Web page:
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Atomic design explained

Saturday, September 14th, 2013 by Servage

Web design constantly evolves and takes on new shapes daily. We range from simple to complex in each design. Therefore, we need a system that allows our designs to be created in a methodical way. This permits a solid foundation for doing things rapidly and accurately rather than roaming in the abstract.

Our contemporary thinkers have charted out paths to obtain that foundation by looking at nature for inspiration. They have made the atom their role model because these particles are the fundamental blocks of the entire univers. Furthermore, chemical scientists have manifested a periodic table for the all atoms on earth.

Atomic Table

If we translate the same in our web design or programming field, we can clearly define a periodic table for our design components, which can be grouped as such:

  • Root Elements: html tag
  • Meta Data & Scripting: head, title, link, script, etc. tags
  • Embedding Content: image, map, object, video, etc.
  • Text Level Semantics: b, I, a, span, em, etc. tags
  • Grouping Content: hr, ul, ol, li, etc. tags
  • Forms: like label, input, button, output, textarea, etc. tags
  • Document Section: body, h1, h2, … h6, etc. tags
  • Tabular Data: td, tr, th, caption, etc. tags
  • Interactive Elements: menu, summary, etc. tags


You might question the ultimate benefit of such groupings and arrangements. Like atoms, if you have a clear vision of the fundamental components, you can place them in one place, such as in a CSS file or elsewhere. From here you can control the changes globally, for the entire website, be it small or big. This way you save time and effort from having to revisit all codes each time you need some global changes.


Now, let’s observe the direct impact of such organization in our daily lives as coders. Like in chemistry, where atoms are forming the molecules our web programming tags, such as label, input or button, can build a functional unit. For instance, if we want to create site search functionality, we would have a label like “search the site,” along with an input field to enter the keywords, and a button to trigger the search action.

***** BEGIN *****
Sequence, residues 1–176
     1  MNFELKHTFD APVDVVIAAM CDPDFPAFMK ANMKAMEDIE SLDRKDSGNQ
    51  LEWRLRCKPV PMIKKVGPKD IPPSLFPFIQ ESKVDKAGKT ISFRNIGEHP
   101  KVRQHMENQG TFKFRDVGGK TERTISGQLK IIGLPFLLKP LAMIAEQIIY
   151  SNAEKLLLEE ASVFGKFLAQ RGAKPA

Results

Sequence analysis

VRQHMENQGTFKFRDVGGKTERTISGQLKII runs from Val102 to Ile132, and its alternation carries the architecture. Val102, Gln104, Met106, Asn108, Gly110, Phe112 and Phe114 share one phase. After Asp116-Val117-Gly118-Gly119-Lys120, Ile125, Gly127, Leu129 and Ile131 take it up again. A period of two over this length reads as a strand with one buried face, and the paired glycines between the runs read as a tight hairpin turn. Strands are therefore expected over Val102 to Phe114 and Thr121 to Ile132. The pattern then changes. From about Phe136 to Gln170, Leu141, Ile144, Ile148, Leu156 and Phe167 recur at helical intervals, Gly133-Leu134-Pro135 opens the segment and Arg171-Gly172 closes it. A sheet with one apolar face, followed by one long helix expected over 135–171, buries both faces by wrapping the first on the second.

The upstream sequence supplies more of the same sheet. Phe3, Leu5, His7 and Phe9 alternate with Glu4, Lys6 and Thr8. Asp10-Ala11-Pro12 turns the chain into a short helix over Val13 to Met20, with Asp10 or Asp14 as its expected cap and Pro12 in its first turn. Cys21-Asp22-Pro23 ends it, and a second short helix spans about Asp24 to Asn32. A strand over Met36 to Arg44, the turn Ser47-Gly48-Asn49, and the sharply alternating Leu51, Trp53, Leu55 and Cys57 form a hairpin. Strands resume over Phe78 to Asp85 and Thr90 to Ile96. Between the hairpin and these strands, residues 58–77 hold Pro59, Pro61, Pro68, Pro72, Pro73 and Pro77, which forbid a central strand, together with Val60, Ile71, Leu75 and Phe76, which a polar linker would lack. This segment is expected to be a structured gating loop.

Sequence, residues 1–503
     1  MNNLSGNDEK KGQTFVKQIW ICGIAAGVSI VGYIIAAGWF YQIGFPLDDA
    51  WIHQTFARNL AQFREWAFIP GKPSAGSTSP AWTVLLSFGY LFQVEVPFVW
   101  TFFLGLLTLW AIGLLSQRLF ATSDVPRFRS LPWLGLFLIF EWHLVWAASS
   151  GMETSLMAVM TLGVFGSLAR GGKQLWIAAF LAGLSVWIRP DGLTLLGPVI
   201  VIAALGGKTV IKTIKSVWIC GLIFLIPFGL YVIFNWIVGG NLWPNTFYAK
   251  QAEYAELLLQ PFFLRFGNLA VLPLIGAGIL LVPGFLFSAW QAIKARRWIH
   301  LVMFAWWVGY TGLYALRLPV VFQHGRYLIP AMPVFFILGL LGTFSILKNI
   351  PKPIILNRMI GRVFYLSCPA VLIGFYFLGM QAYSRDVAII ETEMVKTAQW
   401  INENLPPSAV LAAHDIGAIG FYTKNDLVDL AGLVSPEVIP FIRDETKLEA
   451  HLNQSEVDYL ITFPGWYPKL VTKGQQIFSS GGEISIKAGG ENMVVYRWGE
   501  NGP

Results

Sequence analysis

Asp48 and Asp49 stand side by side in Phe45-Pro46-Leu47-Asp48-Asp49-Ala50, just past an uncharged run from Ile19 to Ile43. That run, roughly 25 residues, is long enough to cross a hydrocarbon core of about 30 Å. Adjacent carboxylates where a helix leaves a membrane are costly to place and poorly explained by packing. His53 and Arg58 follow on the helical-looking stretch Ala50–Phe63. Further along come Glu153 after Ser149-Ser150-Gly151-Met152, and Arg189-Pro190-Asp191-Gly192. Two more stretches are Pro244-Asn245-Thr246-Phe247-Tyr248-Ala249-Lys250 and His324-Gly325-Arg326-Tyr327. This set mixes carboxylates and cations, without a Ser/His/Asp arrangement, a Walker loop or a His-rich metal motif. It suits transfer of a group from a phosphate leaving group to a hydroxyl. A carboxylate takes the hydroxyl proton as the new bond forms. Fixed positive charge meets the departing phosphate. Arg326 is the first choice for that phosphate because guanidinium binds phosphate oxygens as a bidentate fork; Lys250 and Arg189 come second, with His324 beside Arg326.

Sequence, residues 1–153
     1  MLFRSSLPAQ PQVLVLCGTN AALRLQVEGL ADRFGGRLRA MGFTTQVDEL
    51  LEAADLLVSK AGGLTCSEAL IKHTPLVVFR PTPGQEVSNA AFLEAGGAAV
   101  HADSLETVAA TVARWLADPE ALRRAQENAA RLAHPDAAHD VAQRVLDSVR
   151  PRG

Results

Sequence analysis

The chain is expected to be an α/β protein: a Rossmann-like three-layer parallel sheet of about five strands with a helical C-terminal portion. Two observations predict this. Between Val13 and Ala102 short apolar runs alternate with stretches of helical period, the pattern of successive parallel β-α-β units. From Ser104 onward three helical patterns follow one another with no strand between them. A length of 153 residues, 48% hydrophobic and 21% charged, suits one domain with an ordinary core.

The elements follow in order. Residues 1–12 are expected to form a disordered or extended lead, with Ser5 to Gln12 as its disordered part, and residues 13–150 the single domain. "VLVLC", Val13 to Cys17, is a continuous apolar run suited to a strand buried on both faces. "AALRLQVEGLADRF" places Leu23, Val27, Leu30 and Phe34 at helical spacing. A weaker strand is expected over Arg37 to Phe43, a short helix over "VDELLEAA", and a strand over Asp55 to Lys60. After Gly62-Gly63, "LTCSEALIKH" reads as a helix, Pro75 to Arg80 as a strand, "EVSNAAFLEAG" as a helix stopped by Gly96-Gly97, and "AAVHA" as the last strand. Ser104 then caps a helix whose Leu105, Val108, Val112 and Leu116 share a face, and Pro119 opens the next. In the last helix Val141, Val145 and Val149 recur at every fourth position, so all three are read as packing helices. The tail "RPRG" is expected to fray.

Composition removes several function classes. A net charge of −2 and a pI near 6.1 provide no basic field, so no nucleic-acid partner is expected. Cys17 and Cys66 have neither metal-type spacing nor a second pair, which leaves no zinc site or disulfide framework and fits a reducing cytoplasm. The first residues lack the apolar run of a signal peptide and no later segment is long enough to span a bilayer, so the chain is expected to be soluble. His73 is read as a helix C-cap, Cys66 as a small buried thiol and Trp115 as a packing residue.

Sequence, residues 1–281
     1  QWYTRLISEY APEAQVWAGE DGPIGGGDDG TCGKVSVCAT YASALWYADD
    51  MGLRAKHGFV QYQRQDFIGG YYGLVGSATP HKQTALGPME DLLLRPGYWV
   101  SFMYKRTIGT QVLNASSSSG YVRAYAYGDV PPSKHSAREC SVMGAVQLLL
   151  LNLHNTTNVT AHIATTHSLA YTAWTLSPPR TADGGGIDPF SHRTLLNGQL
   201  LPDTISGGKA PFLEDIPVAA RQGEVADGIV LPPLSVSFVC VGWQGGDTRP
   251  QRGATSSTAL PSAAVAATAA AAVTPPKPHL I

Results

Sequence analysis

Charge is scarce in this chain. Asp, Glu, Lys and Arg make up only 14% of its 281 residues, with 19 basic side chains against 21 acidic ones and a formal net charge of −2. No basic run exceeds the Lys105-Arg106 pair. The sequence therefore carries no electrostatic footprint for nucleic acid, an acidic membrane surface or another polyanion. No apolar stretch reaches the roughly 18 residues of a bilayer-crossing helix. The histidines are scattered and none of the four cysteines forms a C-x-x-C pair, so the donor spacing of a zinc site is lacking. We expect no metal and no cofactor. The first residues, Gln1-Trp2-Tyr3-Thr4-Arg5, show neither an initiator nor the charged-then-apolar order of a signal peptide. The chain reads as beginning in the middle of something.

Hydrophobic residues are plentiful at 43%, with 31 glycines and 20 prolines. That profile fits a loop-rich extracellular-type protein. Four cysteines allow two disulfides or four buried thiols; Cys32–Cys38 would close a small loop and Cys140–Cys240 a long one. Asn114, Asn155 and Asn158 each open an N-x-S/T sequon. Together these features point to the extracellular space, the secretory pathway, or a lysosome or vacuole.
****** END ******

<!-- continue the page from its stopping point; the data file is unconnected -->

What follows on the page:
From this, we will have a molecule called “site search” consisting of three atoms. Similarly, we can assemble other molecules like a logo and navigation bar, along with site search. We can then formulate the top most heading block of modern websites, like Yahoo!, Tumbler and CNN all have. These arrangements of molecules form our organism, similar to what is found in nature.


Now, we get some tangible items in our interface design because we have components situated on a page in various layouts as distinct sections of the interface. Here our organisms vary in nature due to the different molecular types. For instance, your masthead organisms might have logo, main navigation, search and social media components, containing different molecules with different atoms. In contrast, the product grid organism might consist of the same molecules, like product image, title or price, which repeat themselves on an entire e-commerce website.


When a group of organisms are bound in a particular layout, performing some specific functions, they will formulate a template that your client can see in the form of wireframes or HTML mockups.


When a web designer places the real and specific components of the placeholders in the template, they become the pages. Thus, pages represent the accurate concept of the designated website, specifically designed for intended purposes.

In short, like atoms in chemistry, we designers have some fundamental building blocks. These offer us rapid creation of various web styles and allow us to design with a clear methodology. This way we journey from the abstract to a solid approach, and thus, can obtain outstanding results in the long run.

References & More Reading

Atomic Design
Pattern Lab
Responsive Comping: Obtaining Signoff without Mockups

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Categories: Guides & Tutorials, Tips & Tricks


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